Mercer ties for most problems solved, has only team to solve every problem on first attempt

GREENVILLE, S.C. – Mercer University’s Binary Bears computer programming team brought home the second-place trophy from a regional programming competition held in Greenville, South Carolina, this past weekend as a part of the annual conference of the Consortium of Computing Sciences in Colleges (CCSC). It was the first in-person coding competition for Mercer in more than two years due to the COVID-19 pandemic.

Mercer competed alongside Bob Jones University, Francis Marion University, Furman University, Gardner-Webb University, Lander University and Wofford College.

The seven institutions were represented by 13 teams, each consisting of four students who had to share one computer to solve nine different problems using their programming language of choice.

In a thrilling three-hour competition, the lead changed hands numerous times. Mercer was the only institution that solved all nine problems in the set on its first attempt using the Python programming language. The Binary Bears tied for most questions solved with Bob Jones University.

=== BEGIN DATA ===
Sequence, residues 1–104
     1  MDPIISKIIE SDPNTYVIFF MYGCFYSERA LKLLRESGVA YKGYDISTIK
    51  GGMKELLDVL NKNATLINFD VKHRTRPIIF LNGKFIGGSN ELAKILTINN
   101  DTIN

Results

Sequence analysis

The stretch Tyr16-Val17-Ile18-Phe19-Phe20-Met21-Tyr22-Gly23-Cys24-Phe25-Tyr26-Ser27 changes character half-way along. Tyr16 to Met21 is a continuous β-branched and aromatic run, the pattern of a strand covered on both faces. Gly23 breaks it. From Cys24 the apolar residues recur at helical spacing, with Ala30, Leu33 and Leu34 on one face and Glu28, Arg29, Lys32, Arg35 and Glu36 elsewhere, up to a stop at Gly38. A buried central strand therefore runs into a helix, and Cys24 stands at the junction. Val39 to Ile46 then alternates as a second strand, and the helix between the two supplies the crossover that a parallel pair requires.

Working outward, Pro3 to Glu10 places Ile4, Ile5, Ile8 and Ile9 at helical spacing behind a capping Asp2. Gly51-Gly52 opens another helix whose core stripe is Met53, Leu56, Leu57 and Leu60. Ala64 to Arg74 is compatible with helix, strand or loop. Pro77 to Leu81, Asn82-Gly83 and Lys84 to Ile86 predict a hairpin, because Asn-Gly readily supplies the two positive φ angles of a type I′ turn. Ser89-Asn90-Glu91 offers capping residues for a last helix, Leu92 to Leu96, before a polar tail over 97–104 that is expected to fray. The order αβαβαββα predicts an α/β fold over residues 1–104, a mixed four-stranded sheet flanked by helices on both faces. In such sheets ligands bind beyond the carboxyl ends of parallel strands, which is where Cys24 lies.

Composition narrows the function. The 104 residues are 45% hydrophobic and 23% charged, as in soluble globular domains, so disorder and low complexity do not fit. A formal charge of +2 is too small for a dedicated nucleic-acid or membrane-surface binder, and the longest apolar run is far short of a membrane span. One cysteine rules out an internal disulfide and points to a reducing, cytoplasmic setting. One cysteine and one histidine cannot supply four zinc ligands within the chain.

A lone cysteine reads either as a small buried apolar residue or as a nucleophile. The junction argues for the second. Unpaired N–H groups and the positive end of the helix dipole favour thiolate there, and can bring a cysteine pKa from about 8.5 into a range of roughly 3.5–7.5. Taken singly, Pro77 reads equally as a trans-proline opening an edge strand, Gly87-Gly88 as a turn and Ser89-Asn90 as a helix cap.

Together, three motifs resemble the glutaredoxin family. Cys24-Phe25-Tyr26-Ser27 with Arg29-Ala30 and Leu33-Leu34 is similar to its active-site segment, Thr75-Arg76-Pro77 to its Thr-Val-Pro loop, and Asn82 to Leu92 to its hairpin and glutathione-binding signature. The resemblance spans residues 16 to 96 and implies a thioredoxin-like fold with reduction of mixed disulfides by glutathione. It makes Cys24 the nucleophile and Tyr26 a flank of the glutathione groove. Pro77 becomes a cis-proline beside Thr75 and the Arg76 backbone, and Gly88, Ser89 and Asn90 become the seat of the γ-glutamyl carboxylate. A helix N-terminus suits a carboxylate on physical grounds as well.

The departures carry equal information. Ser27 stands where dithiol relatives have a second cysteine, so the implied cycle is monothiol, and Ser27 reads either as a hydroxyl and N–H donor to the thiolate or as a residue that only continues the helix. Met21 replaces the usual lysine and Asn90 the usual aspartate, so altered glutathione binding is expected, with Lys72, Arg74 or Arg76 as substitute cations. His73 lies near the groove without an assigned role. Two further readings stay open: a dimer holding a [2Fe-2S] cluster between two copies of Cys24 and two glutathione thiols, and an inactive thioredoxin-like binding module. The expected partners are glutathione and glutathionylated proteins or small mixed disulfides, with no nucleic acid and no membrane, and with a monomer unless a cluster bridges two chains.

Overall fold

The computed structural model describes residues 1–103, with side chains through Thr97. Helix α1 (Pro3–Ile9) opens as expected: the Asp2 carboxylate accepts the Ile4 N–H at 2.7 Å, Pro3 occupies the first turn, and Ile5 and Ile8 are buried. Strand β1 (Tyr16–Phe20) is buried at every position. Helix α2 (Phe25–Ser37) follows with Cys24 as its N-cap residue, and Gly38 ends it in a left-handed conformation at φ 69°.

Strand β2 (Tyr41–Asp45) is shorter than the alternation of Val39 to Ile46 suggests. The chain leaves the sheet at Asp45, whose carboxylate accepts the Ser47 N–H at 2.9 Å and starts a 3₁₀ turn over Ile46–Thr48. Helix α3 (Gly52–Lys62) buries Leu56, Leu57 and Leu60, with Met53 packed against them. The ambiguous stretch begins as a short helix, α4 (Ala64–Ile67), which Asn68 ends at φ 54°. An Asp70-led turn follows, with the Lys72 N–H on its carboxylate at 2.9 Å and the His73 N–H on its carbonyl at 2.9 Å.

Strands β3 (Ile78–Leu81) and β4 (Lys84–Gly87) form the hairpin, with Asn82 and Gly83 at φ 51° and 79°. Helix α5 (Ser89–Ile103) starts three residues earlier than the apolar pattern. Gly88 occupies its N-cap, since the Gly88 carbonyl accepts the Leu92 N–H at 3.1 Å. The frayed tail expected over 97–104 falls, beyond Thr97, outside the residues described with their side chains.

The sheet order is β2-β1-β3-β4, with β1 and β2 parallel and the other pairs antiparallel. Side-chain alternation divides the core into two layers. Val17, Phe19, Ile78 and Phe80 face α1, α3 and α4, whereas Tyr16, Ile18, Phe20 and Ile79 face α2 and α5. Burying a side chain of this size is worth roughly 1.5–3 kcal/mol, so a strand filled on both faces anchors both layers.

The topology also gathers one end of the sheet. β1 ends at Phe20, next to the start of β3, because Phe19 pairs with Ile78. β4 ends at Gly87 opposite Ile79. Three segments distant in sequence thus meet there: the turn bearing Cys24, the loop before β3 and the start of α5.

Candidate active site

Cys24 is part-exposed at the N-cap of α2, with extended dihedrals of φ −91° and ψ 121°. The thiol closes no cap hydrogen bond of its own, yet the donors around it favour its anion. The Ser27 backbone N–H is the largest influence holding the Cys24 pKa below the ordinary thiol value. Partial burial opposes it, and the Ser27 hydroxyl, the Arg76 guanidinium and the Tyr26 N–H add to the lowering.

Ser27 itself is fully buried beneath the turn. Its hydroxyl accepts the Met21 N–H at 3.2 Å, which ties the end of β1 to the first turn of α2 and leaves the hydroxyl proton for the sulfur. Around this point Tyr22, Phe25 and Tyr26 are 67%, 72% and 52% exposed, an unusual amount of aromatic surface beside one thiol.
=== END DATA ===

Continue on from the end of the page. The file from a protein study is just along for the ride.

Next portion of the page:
To break the first-place tie, judges used penalty points based on time solved and number of attempts. Bob Jones took first by the slim margin of eight points (one minute equals one penalty point, and an incorrect submission equals 20 penalty points). Complete standings are available here.

Mercer’s top team consisted of Gabe Bryant, senior computer science major from Marietta; Isaiah Hoffman, senior computer science and math double-major from Culloden; Ron Karamuca, senior computer science major from Acworth; and Jacob Strader, junior computer science major from McDonough. “They managed time efficiently and worked together well in solving the two most challenging problems in the final hour,” said Dr. Andy Digh, associate professor of computer science and faculty adviser to the Binary Bears.

Mercer’s second team, which solved seven of nine problems correctly, included Will Baglivio, senior math major from Marietta; Samantha Scholz, senior computer engineering major from Bonaire; Adam Steinberg, senior computer engineering major from Dahlonega; and Emily Wilbourn, senior computer science major from Jefferson. Dr. Digh praised this team for getting off to a “fantastic start” by solving its first problem in only eight minutes.

The Binary Bears will be back in action in five weeks on March 5 when they host the Southeastern regionals of the Association for Computing Machinery’s International Collegiate Programming Contest in Willet Science Center.